5. Dapper
    March 28, 2014 at 5:50 pm

    I'm open to see what happens. Perhaps the future isn't dead just yet ;)

  6. Sukkerberg
    March 28, 2014 at 4:54 pm

    My first reaction to this news was horror, upon thoughtful consideration it became utter depression. FB has killed our dreams.

  7. dragonmouth
    March 28, 2014 at 1:16 pm

    It is the second time around for VR. It was touted as "the next bif thing" in the 1990s and it fizzled. We'll see how far it gets this time.

    • Oswaldo
      March 28, 2014 at 7:44 pm

      I believe the computer platforms in the 90's weren't powerful enough to deliver on the promise of VR. Just try to remember processor speeds back then. As you say, it's "wait and see" now...

  8. paul
    March 28, 2014 at 1:01 pm

    Im interested in VR, but personally i wont ever touch a Oculus Rift. Its dead to me. Its as if it never existed or went out of business.

    Ill look forward to Sony's Project Morpheus, Valve VR or even Microsoft. Its not like we're out of options in terms of VR, no? If it indeed takes off, my bet is that better things will come from Sony or Microsoft, than (shudder) Facebook

    • James B
      March 28, 2014 at 4:20 pm

      Do you have a reason, or is that just an emotional response against Facebook?

    • paul
      March 28, 2014 at 4:53 pm

      @James B
      both, logical and emotional. cant see anything worthwhile coming from facebook. again, they're not the only option in the future. people behave like OR "is" VR, and without them its doomed. please...
      Itll be great for facebook casual gaming and cash-strapped indies on pc scene, other than that, they cant compete in terms of games with Sony/MS/Valve

    • Tom W
      March 29, 2014 at 1:46 am

      Have Valve entered the VR scene? The last I head was that their prototype was for research only, and wouldn't be released to the public in any form.

    • Tom W
      March 29, 2014 at 1:49 am

      I think this is very much a "wait and see" situation. I, personally don't believe that Facebook will harm the Oculus Rift, but I also don't think that the Rift is the best VR solution out there right now. From what I've seen, CastAR may have the edge.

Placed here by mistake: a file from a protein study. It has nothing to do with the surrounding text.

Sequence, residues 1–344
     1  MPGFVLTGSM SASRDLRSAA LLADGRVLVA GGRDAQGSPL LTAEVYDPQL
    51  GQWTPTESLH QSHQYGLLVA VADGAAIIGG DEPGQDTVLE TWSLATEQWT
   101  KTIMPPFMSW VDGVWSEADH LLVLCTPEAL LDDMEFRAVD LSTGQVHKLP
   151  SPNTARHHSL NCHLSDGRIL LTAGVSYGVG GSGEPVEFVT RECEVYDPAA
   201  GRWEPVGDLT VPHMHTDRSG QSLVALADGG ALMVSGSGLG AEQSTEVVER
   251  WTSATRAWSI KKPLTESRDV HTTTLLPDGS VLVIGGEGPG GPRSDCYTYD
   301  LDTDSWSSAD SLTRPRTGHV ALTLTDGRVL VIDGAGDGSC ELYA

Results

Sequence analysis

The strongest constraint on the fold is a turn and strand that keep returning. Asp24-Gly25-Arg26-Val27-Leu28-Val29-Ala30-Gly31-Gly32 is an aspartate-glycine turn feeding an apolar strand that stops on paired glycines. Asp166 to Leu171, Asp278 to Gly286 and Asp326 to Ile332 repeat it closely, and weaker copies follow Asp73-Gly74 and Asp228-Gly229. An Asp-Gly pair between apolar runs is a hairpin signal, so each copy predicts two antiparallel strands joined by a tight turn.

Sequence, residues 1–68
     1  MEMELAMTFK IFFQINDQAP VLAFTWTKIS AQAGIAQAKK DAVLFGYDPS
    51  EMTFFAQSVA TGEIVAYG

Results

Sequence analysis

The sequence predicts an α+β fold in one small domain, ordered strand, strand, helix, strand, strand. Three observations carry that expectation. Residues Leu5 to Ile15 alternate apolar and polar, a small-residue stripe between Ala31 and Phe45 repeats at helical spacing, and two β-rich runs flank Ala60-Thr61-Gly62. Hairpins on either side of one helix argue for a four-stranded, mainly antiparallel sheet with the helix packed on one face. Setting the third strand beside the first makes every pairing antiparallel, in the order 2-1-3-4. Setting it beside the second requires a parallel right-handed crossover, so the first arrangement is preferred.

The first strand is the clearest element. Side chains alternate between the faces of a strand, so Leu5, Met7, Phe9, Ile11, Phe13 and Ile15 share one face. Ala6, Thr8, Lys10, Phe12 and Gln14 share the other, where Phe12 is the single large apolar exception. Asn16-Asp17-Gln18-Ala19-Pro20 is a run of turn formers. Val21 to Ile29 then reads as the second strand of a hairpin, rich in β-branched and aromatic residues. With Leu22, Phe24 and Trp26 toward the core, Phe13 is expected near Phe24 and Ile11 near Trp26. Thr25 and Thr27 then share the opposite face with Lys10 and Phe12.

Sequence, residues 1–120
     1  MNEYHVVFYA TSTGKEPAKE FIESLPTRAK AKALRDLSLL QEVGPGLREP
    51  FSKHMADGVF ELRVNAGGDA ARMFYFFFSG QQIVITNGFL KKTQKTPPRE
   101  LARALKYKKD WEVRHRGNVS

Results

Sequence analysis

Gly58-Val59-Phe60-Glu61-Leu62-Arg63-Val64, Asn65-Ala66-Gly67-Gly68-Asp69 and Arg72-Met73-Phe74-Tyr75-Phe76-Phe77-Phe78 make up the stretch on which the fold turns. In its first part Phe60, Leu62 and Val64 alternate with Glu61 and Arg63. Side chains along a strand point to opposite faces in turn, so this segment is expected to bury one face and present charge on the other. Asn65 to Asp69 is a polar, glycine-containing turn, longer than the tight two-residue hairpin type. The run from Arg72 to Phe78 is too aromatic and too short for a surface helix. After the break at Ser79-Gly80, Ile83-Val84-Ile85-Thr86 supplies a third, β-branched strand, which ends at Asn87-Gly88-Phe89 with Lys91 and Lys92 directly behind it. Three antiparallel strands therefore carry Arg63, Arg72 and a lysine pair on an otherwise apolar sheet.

• James B
      March 31, 2014 at 9:03 am

      To add: Valve doesnt have a VR device, only a reference model; and I personally doubt the "next-gen" consoles are equipped for VR. Having used the last generation of the Sony HMD, I also found it pretty uncomfortable to take off and put on. (my review )

  9. Proximo
    March 28, 2014 at 12:38 pm

    Will Facebook destroy VR? The short answer is no. Sony is releasing their VR headset for the PS4 in the near future, Google is investing in a similar space with Google Glass, and I am sure Microsoft is looking into VR at some level.

    Will Facebook destroy the Oculus product?

    As a hard core gamer, I am not very happy with Facebook stepping in to an arena they know little about. I think Facebook may push the Oculus in a different direction to line up with their vision which is not gaming, although Facebook enjoys some great success with casual games on their platform.

    No one knows what will happen with the Oculus with Facebook in control but I don't necessarily think they will destroy the product. How would the Oculus compete with Sony in this space? They don't have the funding to take on the giants, but maybe with Facebook funding, it may stand a better chance. Facebook is not focused 100% on gaming experiences, but I don't think VR would have been used only for gaming anyway.

    Sony made it clear that Project Morpheus is not just for gaming and that they are working on other type of content such as exploring Mars with support from NASA.

    Time will tell, but VR is a hot button now. I only hope that it moves forward with great apps which is what VR needs right now.